OpenNMS has a discovery feature that is especially helpful when working with larger infrastructures. The discovery feature provides some granularity, so you can easily determine which nodes and services should be included or excluded by IP range. This feature discovered our test environment with less than 50 nodes fairly quickly but did take quite a bit longer to fully discover our production environment spread out over several geographic locations.
While the discovery feature will give you some basic information about the infrastructure, a deeper dive is often necessary to get more details. For these scenarios, OpenNMS can use other protocols like JMX, WMI, Syslog and SNMP traps. In addition, OpenNMS provides agents called “pollers” that can be deployed to nodes and end points. These are installed using a link from the main OpenNMS server, which launches a wizard to configure the end point. Many of the configurations can be performed using the Web interface, with details stored in XML files that can also be created and customized directly.
A big part of any network management system is the ability to receive timely and informative alerts. In addition to the onscreen alerts, OpenNMS allows alerts to be sent via text and email. There is also an option to integrate with custom or third-party issue ticket systems. OpenNMS provides several pre-built reports that can be saved as PDFs or CSV. Custom reports can also be created using JasperSoft Studio.
Free support for OpenNMS is available through online user manuals for installation, administration and development. There are also a few online video tutorials along with a Wiki that provide comprehensive step-by-step instructions for various management cases. The OpenNMS commercial version, Meridian, is available as an annual subscription at $6,000 for the first server instance with discounts for multiple instances. Support packages are available starting at $20,000.
We found OpenNMS to be quite comprehensive with most of the features required for practically any enterprise environment. We particularly liked the flexibility in monitoring options from the very basic to more complex rules. We would have liked to see a less expensive subscription option for smaller commercial installations, but for most network installations we suspect the free Horizon version along with free online tutorials will be more than adequate. The one caveat is the frequency of updates with Horizon, which could potentially disrupt a running production environment.
NetXMS multi-platform network management
NetXMS, like OpenNMS, is multi-platform, open-source network management software. It’s available for installation on Windows and Linux along with UNIX versions such as BSD and Solaris. In addition, the NetXMS Management Console can be installed on Linux, Windows, Mac and Android devices.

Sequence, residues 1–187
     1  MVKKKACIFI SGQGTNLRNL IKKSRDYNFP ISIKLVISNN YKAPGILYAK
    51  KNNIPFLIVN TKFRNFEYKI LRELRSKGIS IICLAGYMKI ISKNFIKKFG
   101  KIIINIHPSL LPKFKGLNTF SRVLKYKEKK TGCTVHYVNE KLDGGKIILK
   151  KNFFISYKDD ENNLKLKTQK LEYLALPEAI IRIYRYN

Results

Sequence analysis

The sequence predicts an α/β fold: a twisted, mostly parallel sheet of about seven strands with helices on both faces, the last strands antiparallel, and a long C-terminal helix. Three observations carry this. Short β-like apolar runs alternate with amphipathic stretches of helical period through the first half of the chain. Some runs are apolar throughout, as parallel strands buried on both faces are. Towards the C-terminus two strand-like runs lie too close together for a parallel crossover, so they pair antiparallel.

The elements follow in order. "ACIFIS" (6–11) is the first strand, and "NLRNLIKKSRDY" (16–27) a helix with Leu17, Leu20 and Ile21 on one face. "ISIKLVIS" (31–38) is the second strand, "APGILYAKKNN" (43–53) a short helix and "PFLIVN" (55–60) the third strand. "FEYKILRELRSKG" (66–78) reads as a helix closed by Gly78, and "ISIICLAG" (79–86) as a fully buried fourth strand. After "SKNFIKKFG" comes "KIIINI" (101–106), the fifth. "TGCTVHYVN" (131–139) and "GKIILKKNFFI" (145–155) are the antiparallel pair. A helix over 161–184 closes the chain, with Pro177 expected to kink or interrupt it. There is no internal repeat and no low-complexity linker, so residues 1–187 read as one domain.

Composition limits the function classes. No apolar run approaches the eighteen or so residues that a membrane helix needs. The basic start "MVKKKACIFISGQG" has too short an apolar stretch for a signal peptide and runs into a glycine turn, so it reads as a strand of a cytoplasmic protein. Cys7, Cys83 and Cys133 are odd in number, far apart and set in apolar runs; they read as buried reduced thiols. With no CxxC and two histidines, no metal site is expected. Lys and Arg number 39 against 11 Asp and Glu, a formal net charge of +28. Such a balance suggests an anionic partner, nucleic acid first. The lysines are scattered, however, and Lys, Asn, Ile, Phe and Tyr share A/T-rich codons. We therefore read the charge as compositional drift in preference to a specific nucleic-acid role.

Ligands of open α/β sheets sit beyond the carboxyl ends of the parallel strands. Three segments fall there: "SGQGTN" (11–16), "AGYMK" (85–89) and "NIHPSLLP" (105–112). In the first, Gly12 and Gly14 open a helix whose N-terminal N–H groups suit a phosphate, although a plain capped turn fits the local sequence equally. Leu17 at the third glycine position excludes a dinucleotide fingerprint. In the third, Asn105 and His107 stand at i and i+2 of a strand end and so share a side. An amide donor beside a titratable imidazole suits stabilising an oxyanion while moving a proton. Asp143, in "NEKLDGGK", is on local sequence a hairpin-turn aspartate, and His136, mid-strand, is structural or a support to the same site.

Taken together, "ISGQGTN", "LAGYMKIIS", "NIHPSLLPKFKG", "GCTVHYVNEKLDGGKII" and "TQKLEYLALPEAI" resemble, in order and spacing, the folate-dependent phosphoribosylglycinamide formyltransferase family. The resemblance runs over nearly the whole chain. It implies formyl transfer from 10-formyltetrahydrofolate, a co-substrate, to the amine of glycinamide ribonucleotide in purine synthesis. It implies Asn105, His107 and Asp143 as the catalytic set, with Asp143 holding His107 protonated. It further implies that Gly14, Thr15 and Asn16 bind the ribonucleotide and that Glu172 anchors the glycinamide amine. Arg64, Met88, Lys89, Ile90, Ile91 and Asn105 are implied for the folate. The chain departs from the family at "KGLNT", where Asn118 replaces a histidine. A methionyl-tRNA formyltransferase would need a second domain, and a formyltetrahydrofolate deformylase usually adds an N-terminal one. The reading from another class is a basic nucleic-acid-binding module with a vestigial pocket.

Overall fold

For this review, we tested version 2.2.10 on both Windows Server and Ubuntu. The minimum system requirements call for a dual-core CPU at 1GHz, 1GB RAM and 1GB disk space, with additional disk space required for data collection. Both installations were easy to perform, but as is often the case, the Windows executable made it particularly easy to install. There are only a few options to pick during the install, such as selecting which database drivers to install and choosing the administration tool options. NetXMS can use most common databases, including Oracle MySQL, MS SQL Server and PostgreSQL. As part of the install you can also configure the network auto-discovery options, a feature we enabled on one of our installs.
The management console installed on our Windows server was a desktop application. We were first presented with what NetXMS calls the “workbench window.” This provides different views, which are basically different ways to view the network infrastructure, ranging from a 30,000-foot macro view down to the details of a particular network device or event. By arranging a set of views on the ‘workbench window’, you can create and save custom perspectives. The perspectives can then be loaded from a quick access menu, providing custom displays of the network infrastructure. The NetXMS Object Browser, which displays the entire network as a tree structure, makes it easy to quickly drill down into the network infrastructure. It also displays a status indicator, ranging from ‘normal’ to ‘critical’ status, making it easy to identify problematic nodes or protocols.